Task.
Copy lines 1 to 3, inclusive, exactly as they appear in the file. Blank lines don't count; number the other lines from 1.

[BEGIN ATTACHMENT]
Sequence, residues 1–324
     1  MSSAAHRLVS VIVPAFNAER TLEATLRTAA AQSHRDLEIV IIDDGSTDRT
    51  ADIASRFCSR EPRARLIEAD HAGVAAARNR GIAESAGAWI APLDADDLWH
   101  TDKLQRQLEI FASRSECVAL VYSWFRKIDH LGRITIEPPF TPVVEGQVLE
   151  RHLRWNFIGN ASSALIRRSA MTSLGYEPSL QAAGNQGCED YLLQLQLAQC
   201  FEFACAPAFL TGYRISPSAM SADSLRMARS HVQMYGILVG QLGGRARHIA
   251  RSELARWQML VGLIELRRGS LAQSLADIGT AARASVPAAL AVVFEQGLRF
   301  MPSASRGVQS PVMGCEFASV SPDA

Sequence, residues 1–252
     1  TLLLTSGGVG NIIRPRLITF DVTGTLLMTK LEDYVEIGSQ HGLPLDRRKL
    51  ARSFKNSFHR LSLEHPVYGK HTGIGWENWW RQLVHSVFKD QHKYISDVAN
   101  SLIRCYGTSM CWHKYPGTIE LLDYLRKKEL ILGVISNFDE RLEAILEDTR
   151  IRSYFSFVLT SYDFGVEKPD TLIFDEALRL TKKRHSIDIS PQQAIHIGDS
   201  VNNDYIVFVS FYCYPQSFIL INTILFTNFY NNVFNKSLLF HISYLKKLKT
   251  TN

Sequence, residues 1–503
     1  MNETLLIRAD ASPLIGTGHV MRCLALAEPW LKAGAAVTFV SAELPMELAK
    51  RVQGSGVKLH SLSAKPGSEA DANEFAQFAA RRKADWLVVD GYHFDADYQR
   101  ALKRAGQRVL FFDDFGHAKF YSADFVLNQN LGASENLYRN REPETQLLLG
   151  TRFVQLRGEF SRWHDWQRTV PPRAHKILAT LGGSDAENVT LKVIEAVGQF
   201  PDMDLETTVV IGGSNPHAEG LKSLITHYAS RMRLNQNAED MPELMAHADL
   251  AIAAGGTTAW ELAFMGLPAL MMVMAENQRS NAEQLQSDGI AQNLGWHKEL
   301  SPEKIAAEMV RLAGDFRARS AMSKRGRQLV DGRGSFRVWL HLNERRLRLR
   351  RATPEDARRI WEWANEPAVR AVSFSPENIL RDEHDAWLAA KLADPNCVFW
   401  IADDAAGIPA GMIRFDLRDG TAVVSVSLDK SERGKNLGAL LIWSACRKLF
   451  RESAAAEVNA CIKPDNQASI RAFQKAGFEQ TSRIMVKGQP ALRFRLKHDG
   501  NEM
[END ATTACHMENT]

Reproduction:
Sequence, residues 1–324
     1  MSSAAHRLVS VIVPAFNAER TLEATLRTAA AQSHRDLEIV IIDDGSTDRT
    51  ADIASRFCSR EPRARLIEAD HAGVAAARNR GIAESAGAWI APLDADDLWH